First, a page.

Report argues ‘concerning’ lack of understanding over IaaS shared responsibility models
It is a question almost as old as the concept: who should look after cloud security, the vendor or the customer? A new report from Barracuda Networks argues there is a ‘concerning’ lack of understanding with regard to the shared responsibility model for infrastructure as a service (IaaS) providers.
For Amazon Web Services (AWS) and Microsoft, the two leading IaaS providers, the meaning is clear. Microsoft points out the difference between software as a service (SaaS), platform as a service (PaaS), and IaaS. For IaaS, while the provider looks after physical security and shares demands on host infrastructure and network controls, as Microsoft puts it, the customer is responsible for app level controls, identity and access management, endpoint protection and data classification. AWS describes the vendor and customer as being responsible for security ‘of’ and ‘in’ the cloud respectively.
So why, therefore, did almost two thirds (64%) of the 550 EMEA IT decision makers polled by Barracuda say they believed securing customer data in the public cloud was the vendor’s responsibility? 61% believed the same around applications, 60% for operating systems, while only 57% said service providers control the physical security of infrastructure.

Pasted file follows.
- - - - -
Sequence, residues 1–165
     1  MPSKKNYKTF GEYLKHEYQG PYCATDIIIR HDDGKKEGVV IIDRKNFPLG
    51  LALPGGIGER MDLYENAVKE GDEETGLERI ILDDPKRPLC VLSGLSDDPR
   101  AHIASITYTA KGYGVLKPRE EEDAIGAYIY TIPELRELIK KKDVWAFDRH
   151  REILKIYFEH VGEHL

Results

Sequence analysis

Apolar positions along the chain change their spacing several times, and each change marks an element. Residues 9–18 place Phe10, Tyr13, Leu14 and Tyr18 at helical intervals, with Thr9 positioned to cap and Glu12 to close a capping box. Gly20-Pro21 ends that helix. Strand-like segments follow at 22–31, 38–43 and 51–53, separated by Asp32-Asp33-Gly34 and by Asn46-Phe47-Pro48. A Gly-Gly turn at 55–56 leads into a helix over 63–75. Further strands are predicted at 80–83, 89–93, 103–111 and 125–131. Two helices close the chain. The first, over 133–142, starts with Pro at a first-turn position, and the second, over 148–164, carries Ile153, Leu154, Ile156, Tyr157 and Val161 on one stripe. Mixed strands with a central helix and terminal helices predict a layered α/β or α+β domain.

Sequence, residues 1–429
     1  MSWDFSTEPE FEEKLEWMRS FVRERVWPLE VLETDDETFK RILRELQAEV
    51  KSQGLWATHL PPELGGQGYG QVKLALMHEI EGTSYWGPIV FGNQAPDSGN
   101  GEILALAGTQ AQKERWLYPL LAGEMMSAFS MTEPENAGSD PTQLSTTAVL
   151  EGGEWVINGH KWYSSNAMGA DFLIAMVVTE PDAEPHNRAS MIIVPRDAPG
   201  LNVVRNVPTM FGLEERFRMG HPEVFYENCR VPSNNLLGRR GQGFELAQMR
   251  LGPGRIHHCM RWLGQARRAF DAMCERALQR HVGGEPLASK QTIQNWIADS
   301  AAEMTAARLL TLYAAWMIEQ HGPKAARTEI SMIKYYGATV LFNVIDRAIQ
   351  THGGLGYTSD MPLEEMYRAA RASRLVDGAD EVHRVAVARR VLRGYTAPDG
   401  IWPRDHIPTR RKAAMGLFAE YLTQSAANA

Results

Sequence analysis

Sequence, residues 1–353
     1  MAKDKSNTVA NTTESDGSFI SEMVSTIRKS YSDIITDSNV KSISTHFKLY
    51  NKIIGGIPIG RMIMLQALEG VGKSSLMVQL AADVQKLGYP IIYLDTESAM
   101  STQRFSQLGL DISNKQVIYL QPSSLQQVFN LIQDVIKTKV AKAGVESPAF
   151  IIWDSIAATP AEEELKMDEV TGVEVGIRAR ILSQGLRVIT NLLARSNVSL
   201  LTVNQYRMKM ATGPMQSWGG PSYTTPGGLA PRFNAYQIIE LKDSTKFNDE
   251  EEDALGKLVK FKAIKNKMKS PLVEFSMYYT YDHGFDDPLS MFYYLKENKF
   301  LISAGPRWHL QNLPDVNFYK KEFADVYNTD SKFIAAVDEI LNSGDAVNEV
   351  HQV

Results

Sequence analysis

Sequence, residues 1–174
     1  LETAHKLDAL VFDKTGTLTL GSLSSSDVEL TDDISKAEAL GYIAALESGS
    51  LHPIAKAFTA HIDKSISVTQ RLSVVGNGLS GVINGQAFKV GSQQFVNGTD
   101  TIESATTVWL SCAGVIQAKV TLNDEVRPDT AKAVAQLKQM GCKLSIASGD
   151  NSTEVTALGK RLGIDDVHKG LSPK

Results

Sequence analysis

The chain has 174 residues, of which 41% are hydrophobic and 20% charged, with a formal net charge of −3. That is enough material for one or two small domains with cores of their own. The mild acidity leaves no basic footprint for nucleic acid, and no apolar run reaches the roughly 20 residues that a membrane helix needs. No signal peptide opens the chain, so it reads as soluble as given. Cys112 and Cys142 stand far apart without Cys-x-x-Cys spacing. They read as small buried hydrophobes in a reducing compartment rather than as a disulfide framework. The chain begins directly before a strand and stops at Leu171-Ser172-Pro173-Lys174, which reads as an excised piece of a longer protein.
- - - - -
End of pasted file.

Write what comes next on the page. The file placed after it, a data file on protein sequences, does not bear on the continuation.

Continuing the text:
“The lack of clarity regarding organisations’ versus IaaS providers’ cloud security responsibilities creates grey areas that IT decision makers must address if they want to keep key data and systems secure,” the report noted.
Issues regarding public cloud security do seem to have been picked up by the organisations polled, however. 57% of all respondents said they had added additional security to its public cloud, with 37% saying they were planning to. The figure was highest in the Belgium and Netherlands – 70% affirmative – with the UK lowest on just 43%, albeit with 39% planning to invest.
Naturally, the advice from Barracuda was to ‘partner with a vendor agnostic security expert to advise on exactly which pieces of the IaaS puzzle is the customer’s responsibility’. “The bottom line is that organisations are continuing to invest in public cloud projects, but they need a trusted vendor-neutral partner to help them navigate the choppy waters of cybersecurity if they want to minimise risk in the process,” the report wrote.
“With sweeping new European data protection regulations landing in May 2018, no organisation can afford to ignore security today.”
- » Best security practices for migrating to the cloud: A guide
- » Moving from DevOps to modern ops: Why there is no room for silos when it comes to cloud security
- » Puppet’s 2019 State of DevOps report: How security needs to fit into continuous delivery
- » AWS, Azure or Google: Do the differences between cloud providers really matter?
- » Is performance engineering still needed when it comes to cloud?